By Ya Po Cha
Providing a holistic point of view of the Hmong lifestyle, this ebook touches on each point of the Hmong tradition, together with an outline in their historical past and traditions, relationships among Hmong mom and dad and their young children, the rites and traditions of Hmong marriage ceremony and funeral ceremonies, the party of the Hmong New 12 months, domestic regulations and different superstitious taboos, arts and politics. The booklet positive aspects and explains many Hmong phrases, words and proverbs.
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Additional info for An Introduction to Hmong Culture
There is an interdependency between father and son that makes life unsettling if one or the other is missing. It is this connection that makes Hmong people treat fatherless children and childrenless parents differently from everybody else. This practice is referenced in the proverb, “Respect the father, give the son meat and respect the son, give the father wine” (saib txiv pub tub nqaij, saib tub pub txiv cawv). When a man is young, people respect him because of his father and when he is old people respect him because of his son.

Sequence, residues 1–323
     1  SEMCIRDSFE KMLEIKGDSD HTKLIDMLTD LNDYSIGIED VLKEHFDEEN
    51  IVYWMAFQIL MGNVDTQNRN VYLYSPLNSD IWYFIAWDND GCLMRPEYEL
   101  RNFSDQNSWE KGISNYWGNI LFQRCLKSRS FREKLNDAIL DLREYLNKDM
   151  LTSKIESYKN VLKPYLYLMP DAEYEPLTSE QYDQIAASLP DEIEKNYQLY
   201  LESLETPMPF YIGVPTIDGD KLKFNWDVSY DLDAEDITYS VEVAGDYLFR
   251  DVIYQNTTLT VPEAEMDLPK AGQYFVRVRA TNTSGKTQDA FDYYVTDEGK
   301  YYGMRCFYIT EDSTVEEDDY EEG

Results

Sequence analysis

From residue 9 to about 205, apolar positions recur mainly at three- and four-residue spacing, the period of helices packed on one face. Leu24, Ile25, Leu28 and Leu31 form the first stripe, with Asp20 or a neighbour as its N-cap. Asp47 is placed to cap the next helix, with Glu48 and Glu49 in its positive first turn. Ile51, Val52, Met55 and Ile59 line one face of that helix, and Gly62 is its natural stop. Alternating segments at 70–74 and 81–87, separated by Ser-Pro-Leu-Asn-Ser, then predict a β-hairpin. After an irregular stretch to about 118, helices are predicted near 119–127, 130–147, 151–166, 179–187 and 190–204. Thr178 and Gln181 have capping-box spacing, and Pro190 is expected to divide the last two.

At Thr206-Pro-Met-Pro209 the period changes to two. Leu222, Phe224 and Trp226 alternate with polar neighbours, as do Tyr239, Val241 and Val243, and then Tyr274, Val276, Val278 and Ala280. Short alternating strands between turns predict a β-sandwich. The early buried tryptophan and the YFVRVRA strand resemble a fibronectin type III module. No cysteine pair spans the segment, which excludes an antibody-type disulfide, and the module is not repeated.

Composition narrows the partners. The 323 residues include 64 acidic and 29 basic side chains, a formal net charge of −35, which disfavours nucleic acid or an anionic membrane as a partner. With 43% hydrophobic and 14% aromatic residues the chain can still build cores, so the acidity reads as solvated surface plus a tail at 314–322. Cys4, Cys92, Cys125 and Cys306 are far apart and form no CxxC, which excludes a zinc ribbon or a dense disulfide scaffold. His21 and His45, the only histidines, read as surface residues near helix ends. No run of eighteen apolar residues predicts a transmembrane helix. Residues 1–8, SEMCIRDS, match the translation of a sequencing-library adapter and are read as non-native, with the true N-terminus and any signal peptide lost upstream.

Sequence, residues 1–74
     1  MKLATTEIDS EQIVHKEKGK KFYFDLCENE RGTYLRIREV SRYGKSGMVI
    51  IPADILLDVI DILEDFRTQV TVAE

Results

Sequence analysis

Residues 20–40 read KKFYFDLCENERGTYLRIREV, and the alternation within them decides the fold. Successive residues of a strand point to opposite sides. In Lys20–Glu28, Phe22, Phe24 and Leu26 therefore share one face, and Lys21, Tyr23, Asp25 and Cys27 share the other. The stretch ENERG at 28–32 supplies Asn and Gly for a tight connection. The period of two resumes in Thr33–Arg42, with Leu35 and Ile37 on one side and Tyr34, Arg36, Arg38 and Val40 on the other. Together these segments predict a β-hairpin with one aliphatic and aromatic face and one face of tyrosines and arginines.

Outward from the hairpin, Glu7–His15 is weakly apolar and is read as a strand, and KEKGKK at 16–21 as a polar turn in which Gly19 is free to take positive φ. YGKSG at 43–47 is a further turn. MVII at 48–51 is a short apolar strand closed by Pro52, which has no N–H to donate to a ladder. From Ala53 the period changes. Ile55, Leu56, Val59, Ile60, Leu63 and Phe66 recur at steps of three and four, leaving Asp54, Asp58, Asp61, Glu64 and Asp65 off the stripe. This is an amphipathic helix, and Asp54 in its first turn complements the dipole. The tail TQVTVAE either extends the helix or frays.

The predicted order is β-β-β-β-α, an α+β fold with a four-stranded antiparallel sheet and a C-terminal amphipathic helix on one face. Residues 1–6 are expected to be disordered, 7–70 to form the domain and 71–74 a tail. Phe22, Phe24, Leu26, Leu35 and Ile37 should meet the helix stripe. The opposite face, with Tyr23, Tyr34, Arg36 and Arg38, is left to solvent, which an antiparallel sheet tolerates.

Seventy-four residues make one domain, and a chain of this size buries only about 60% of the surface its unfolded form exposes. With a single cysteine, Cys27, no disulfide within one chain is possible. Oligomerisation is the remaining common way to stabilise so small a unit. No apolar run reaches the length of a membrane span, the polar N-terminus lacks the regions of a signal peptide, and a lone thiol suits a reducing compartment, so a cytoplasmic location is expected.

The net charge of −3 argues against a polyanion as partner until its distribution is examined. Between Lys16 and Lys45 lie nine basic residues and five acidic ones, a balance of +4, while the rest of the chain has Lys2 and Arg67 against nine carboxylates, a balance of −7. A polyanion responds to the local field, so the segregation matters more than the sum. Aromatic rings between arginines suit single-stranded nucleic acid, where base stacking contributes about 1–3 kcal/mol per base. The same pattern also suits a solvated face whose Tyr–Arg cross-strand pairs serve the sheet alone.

The reason he wanted to end his life was because he wanted to get married. It was all a misunderstanding. The issue was easily settled by allowing him to get married even though he was only 18 and a high school dropout. Hmong people used to call this kind of dilemma “chopping down the bed posts” (ntov ncej txag). Then again, miscommunication can be attributed to the lack of cultural capital in Hmong children. Teenage girls have traditionally not received much affection and open communication from their fathers.
As any elder would say, “Old old become a little child” (laus laus ua mi nyuam yaus). It means when a person becomes old, he or she becomes like a child who needs attention, care and nurturing. The obligation parents and children have for each other is the bond which is the basis of Hmong family values. It is arguable that a daughter can just as well take care of her parents. Physically, it is possible that a daughter can care for and shelter her parents to the end. However, when she is married to her husband, she is incorporated spiritually into her husband’s family.
An Introduction to Hmong Culture by Ya Po Cha